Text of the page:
Van operators face massive CO2 fines
24 February 2011
The European Parliament has confirmed tough LCV emissions targets with massive fines attached to failure to achieve.
From 2014, all manufacturers must average CO2 emissions of no more than 175g/km, with fines of ?5 per registration for being just 1g/km above that, rising to ?140 per vehicle if they are 4g/km over, and then going up by ?95 for every g/km after that. From 2019, the proposal is ?95 for every g/km over 175g/km.
The new target is being introduced gradually, with only 70% compliance required in 2014, rising by 5% per year for the next two years before complete compliance being required from 2017. The current average across the entire LCV parc is around 200g/km, according to European car manufacturer's association ACEA.
There's another step-change planned in 2020, with the target of a 147g/km average, but that will be confirmed in a review two years from now.
The European Parliament has inserted incentives for van manufacturers into its new rules, with the first 25,000 sub-50g/km vehicles counting as 3.5 vehicles in 2014 and 2015, before dropping to 2.5 and 1.5 in the following two years as an incentive to get low-emission vehicles into the marketplace to lower the average. That will include electric vehicles like the Renault Kangoo ZE and Azure Ford Transit Connect Electric, with the potential for new hybrid vehicles to be added.
"The goalposts are now set and the automobile industry will do its utmost to meet these targets", said Ivan Hodac, secretary general of ACEA. "However, especially the long-term objectives will be challenging. They will require the market introduction of breakthrough technologies that are far away from being a viable business option."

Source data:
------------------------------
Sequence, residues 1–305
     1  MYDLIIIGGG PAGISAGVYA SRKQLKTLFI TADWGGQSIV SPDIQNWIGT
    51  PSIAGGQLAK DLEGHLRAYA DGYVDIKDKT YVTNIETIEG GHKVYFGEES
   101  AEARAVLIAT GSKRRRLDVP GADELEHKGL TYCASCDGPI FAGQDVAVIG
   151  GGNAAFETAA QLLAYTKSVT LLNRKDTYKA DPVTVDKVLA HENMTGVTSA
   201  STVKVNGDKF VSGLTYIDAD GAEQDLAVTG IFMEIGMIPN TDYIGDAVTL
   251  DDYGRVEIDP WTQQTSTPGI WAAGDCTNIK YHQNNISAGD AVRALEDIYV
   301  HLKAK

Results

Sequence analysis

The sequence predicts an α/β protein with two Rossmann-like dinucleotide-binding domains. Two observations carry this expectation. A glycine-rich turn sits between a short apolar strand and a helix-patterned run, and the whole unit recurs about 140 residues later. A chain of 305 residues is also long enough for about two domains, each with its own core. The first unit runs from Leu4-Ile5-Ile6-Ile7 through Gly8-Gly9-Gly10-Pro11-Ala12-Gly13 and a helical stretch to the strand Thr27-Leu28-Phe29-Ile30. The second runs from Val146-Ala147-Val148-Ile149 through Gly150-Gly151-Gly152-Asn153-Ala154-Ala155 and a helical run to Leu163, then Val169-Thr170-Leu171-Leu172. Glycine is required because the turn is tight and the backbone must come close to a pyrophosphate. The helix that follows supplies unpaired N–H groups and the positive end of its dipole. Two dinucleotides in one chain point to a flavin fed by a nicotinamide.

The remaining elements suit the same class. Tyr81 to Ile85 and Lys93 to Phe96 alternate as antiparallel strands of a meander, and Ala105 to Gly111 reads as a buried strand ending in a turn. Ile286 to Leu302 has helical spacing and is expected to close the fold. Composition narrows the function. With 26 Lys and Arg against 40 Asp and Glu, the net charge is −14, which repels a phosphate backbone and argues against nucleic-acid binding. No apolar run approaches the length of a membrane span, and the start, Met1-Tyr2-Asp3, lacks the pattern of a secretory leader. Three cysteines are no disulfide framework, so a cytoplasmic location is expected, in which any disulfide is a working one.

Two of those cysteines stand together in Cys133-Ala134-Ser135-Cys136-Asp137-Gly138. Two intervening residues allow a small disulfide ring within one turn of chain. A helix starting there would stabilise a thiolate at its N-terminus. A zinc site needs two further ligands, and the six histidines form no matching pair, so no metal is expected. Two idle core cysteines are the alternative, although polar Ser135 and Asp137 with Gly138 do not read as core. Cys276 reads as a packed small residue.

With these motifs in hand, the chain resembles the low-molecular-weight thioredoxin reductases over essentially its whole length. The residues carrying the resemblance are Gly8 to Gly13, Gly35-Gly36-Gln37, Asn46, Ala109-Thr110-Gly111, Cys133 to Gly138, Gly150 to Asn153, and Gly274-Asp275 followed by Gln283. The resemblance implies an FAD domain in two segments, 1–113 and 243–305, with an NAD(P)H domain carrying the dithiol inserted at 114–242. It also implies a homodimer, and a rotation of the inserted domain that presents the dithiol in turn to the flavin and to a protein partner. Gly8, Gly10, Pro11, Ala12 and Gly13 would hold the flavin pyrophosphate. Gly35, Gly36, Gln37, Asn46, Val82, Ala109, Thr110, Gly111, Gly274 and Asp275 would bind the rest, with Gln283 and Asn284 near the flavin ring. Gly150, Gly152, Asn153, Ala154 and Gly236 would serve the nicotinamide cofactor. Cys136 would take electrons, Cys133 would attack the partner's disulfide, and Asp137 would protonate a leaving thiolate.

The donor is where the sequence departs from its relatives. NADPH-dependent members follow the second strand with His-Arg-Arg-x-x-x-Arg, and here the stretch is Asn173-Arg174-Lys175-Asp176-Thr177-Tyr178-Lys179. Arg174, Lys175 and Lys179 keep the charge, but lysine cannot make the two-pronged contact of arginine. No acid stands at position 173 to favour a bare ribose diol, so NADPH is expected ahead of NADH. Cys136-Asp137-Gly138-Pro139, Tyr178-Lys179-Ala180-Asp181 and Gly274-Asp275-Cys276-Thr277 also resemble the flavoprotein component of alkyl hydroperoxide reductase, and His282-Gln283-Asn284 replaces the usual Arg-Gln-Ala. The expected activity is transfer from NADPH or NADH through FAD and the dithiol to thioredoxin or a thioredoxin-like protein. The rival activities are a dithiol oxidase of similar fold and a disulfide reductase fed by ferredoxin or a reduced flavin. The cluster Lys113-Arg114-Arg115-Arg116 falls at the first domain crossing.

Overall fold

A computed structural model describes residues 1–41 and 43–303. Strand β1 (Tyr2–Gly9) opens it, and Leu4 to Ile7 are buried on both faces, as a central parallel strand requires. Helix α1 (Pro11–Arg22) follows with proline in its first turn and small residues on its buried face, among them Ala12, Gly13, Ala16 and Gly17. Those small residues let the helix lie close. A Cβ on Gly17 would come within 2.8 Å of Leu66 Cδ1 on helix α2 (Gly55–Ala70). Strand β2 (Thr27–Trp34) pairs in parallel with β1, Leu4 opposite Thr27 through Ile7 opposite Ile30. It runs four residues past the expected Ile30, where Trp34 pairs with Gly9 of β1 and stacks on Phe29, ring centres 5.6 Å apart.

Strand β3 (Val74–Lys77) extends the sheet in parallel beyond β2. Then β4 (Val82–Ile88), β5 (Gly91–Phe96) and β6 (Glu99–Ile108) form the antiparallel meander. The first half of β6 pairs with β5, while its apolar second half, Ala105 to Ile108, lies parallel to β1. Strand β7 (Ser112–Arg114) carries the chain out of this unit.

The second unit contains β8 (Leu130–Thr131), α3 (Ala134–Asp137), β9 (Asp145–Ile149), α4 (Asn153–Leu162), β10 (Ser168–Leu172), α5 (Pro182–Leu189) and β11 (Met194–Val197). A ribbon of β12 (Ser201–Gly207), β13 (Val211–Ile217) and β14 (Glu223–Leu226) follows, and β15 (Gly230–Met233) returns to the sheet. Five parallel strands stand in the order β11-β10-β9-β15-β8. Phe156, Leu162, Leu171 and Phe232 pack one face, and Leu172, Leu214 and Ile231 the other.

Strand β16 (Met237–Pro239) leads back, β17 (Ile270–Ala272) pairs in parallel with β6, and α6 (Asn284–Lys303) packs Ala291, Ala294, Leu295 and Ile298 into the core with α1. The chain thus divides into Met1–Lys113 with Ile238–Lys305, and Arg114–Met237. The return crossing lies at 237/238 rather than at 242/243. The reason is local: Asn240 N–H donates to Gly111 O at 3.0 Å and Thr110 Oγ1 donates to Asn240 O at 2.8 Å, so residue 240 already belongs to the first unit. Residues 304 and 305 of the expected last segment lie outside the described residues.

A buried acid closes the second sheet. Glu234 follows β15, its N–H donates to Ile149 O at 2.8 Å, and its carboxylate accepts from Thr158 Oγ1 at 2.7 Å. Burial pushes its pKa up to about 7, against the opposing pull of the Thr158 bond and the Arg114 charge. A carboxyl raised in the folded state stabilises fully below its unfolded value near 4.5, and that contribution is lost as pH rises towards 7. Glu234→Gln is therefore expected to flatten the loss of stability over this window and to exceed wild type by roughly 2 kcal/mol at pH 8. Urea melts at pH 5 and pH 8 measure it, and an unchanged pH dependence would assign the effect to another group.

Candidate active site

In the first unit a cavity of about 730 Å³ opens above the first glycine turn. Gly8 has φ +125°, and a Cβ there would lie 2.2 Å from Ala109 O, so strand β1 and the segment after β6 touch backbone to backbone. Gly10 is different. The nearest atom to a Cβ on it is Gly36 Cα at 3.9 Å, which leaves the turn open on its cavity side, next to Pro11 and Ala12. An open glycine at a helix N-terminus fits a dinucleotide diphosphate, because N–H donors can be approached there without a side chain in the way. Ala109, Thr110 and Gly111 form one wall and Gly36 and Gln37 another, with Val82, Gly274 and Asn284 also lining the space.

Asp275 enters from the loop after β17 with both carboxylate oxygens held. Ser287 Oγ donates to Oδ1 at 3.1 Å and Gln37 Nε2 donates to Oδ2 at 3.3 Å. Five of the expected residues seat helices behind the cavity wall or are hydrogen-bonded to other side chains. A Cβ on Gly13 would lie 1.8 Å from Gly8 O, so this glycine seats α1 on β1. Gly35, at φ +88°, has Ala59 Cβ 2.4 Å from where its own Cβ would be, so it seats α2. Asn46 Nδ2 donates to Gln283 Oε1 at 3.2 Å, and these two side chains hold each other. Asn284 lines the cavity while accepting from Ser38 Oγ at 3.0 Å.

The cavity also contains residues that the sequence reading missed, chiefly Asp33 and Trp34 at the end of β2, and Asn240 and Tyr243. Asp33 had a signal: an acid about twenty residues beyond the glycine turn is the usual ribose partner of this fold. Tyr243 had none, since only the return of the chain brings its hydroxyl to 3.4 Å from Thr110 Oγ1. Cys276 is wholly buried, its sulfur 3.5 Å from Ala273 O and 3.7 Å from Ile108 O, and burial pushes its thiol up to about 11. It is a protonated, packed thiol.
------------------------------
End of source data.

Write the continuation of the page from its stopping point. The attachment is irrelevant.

Society of Motor Manufacturers & Traders boss Paul Everitt said: "The industry is pleased the European Parliament has come to a decision on CO2 emissions targets for LCVs as vehicle manufacturers are committed to lowering emissions as part of ongoing introductions of low, lower and ultra-low carbon vehicles."
"The task is pretty tough and will be challenging, but all manufacturers are aware they have to do their bit," said an SMMT spokesman. "On the whole, and it varies from manufacturer to manufacturer, there is a feeling of, these are the rules and we'll work within them."
But the SMMT's spokesman did sound a warning, as the European Parliament pushes the LCV industry down a path already being trodden by the car equivalents. "People may be pushed down the route of running smaller and smaller vans, to the point where you would need two to do the job of one larger one, and that's not going to help the environment," he said.
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